28 November 2013

Macro Strategy Update

Japan: Bullish Perspectives

We have been bullish on Japanese equities since early June, after the Nikkei sold off 20% from its May peak. Since then, Japanese equities have been consolidating with an upward bias, notching lower highs but higher lows. In recent days, the Japanese market is springing back to life. Our patience is beginning to pay off.

Purely from a technical perspective, when the Nikkei broke out of the resistance formed over the past five months, a new trend has emerged. This was aided by the action of the Japanese yen. In a similar fashion, the yen was consolidating since mid-May, making a series of higher lows and lower highs. Now the yen is done consolidating and the next move appears to be headed lower. We have long argued that a weaker yen would boost corporate profitability and hence drive Japanese equities higher. This is likely to play out in the months ahead as the yen continues to weaken.

Image courtesy of Stockcharts.com

Image courtesy of Stockcharts.com

In the longer term, the continued rise in the Nikkei could mark the end of the 23-year bear market for Japan. The Nikkei would need to break out of the resistance established since 1996, and when that happens, we could possibly see a secular bull market in Japanese equities. This is likely a 2014 event for the Japanese market, where the yen has further potential to fall to pre-2008 levels.

Resolving the technical picture with fundamentals, it remains crucial that monetary policy remains accommodative in the short term, and meaningful reforms occur in the longer term. The odds are high that renewed monetary easing could occur as higher sales tax kicks in next year. Comments from Bank of Japan (BOJ) officials show a bias towards downside risk to the economy . It is likely that the BOJ will err on the side of caution by providing more monetary stimulus should the domestic economy1 starts to soften in anticipation of the higher sales tax.

Image courtesy of Stockcharts.com

Image courtesy of Stockcharts.com

Beyond monetary policy, for the Nikkei to embark on a long term bull market, reforms need to kick in. So far, the pace of reforms is proceeding at glacial speeds. The only change is the removal of rice subsidies as Japan prepares to join the Trans Pacific Partnership free trade agreement. While this is not a huge move by PM Abe, it is significant since rice farmers are supporters of the ruling Liberal Democratic Party. The removal of a 40-year old subsidy is significant as it shows the commitment to change Japan. Still, observers are looking for corporate tax changes and labour reforms as keys to unlocking Japan’s growth potential. Perhaps we could see some of these changes in 2014, which would then form the basis of a stronger Japanese economy and a higher Nikkei.

For the time being, as long as the yen trades weaker, Japanese equities are likely to rally. A break above May’s high would turn some skeptics into buyers. The next leg of the Japanese rally has begun.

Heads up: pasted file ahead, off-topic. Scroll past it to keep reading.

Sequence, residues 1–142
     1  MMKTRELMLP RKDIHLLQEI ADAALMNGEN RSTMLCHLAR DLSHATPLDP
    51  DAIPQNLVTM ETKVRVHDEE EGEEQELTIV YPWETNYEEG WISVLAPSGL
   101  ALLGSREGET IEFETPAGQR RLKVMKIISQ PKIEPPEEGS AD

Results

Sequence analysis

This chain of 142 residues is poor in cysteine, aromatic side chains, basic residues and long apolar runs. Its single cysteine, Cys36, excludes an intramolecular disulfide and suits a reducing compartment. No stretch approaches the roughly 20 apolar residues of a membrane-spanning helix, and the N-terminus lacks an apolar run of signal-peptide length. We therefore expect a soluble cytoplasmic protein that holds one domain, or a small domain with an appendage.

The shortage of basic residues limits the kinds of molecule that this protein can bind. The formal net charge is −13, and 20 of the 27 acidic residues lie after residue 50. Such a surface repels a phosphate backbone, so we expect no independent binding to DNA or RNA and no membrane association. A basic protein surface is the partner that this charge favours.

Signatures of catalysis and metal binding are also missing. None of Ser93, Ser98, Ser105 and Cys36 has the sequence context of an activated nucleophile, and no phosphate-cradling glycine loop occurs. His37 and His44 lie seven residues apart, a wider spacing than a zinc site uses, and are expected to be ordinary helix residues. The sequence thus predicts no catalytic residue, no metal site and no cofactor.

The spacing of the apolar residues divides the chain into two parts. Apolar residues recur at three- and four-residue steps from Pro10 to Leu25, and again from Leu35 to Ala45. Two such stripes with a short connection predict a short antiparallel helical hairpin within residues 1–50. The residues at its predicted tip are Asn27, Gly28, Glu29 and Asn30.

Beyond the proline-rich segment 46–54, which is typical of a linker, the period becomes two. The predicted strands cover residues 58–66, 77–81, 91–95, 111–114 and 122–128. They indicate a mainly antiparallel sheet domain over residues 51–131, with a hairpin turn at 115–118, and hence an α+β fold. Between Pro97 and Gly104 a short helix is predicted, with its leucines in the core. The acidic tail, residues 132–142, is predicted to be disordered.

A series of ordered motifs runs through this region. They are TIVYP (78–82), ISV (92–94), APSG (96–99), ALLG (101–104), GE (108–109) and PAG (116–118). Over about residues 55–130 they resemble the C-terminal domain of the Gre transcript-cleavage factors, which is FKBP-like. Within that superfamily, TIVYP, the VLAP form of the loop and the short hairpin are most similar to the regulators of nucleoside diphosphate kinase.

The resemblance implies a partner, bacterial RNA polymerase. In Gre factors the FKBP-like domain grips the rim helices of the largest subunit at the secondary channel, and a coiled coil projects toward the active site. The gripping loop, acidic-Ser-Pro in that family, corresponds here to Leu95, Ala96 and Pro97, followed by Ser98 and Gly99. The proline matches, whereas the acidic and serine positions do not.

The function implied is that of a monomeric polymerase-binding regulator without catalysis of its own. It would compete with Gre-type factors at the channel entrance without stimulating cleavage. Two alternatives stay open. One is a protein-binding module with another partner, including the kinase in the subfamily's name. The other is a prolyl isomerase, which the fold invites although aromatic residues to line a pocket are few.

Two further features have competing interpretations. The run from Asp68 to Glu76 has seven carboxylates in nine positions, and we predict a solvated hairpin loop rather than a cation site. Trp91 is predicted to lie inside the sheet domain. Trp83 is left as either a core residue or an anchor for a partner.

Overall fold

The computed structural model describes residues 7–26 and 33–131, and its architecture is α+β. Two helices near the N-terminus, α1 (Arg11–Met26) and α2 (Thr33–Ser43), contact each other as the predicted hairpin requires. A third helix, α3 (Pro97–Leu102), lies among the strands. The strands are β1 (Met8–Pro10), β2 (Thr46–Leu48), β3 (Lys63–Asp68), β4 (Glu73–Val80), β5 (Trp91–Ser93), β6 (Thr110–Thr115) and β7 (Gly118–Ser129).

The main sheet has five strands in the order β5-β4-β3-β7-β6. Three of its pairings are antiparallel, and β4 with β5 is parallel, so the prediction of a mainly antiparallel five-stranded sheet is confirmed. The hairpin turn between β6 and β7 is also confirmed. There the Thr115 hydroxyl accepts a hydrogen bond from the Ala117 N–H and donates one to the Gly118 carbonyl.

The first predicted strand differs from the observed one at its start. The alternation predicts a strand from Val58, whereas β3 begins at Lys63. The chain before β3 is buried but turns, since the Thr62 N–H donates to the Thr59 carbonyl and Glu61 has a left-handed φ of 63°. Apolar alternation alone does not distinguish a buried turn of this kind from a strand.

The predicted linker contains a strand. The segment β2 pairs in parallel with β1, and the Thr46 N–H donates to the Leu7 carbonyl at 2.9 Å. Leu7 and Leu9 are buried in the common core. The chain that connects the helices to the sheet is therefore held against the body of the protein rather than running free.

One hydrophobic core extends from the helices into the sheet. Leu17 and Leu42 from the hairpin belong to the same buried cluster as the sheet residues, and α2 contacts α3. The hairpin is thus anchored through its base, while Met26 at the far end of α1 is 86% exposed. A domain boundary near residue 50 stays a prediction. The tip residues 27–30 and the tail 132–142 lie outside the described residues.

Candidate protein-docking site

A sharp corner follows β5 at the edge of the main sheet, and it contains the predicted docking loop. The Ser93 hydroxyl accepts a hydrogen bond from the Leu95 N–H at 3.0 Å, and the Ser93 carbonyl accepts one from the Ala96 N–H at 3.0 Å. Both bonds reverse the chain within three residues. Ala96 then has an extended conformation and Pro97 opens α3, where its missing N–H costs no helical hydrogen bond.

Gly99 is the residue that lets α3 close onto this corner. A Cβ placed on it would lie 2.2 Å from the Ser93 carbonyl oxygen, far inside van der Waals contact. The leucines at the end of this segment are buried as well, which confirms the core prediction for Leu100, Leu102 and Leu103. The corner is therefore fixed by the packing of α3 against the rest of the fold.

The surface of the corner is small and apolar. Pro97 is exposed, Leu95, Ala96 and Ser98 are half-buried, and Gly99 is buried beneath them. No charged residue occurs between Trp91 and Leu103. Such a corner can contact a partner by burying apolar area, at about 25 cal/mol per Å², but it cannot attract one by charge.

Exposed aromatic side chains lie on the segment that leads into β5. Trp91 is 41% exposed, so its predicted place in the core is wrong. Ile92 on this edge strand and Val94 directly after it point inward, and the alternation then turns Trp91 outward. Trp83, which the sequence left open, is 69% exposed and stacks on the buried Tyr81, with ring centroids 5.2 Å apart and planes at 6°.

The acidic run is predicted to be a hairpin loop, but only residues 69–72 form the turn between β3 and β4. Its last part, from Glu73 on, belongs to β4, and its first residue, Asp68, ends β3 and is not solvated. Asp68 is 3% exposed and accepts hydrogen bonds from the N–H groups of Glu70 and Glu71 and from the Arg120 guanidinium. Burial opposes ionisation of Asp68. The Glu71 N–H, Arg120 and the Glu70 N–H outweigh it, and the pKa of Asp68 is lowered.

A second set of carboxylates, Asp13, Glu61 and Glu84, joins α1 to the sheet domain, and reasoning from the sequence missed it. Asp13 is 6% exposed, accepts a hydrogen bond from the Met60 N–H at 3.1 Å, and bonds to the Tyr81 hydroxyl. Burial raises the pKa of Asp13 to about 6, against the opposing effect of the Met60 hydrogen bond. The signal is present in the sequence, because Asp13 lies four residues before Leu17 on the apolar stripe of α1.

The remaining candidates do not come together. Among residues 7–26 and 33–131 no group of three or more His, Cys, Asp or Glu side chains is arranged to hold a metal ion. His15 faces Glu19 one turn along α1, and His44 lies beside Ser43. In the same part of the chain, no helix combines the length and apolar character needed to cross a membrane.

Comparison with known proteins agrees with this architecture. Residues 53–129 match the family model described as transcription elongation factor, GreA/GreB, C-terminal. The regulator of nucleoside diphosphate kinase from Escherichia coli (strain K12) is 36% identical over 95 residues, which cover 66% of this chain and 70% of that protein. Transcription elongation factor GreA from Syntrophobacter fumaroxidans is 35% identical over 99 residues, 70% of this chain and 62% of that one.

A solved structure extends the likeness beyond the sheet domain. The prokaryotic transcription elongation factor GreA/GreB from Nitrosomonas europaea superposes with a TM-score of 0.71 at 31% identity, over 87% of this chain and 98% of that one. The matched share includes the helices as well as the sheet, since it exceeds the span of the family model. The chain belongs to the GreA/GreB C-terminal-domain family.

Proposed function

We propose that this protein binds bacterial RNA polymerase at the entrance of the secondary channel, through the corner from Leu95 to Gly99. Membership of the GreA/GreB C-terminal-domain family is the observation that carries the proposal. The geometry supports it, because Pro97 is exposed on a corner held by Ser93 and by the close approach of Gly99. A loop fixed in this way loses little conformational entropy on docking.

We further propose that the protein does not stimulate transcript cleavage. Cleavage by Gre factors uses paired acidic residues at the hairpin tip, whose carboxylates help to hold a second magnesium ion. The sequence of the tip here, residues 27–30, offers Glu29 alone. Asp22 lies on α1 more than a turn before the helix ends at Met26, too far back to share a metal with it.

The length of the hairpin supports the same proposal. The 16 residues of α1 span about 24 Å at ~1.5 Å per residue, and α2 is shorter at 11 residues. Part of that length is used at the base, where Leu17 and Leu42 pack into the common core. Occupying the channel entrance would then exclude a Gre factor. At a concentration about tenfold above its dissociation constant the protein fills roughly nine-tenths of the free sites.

Portfolio Positions

We have made some decent profits so far on our Japan play. However as per our last update, we are monitoring the global markets and may take some profits off the table toward the end of this year or the beginning of next year. For now we see overall market momentum as still strong and will remain invested.

1. BOJ Shirai Open to Further Easing Action. 27 November 2013. WSJ.com.

IMPORTANT NOTES: This report is provided for the information of the intended recipient only and should not be reproduced, published, circulated or disclosed to any other person without the prior written consent of GYC. The information and opinions expressed herein reflect a judgment of the markets at its original date of publication and are subject to change without notice. GYC does not warrant the accuracy, adequacy or completeness of the information herein and expressly disclaims liability for any errors or omissions. The information is given on a general basis without obligation and on the understanding that any person acting upon or in reliance on it, does so entirely at his or her own risk. Any projections or other forward-looking statements regarding future events or performance of countries, markets or companies are not necessarily indicative of, and may differ from, actual events or results. Neither is past performance necessarily indicative of future performance. You should make your own assessment of the relevance, accuracy and adequacy of the information contained in the information provided and make such independent investigations as you may consider necessary or appropriate. Accordingly, neither GYC nor any of our directors, employees or Representatives can accept any liability whatsoever for any loss, whether direct or indirect, or consequential loss, that may arise from the use of information or opinions provided.

GYC FINANCIAL ADVISORY PTE LTD  1 Raffles Place #15-01 One Raffles Place, Singapore 048616
Tel: (65) 6349-1441 | Fax: (65) 6349-1440 | Email: enquiries@gyc.com.sg | Co Reg: 199806191-K
Website: www.gyc.com.sg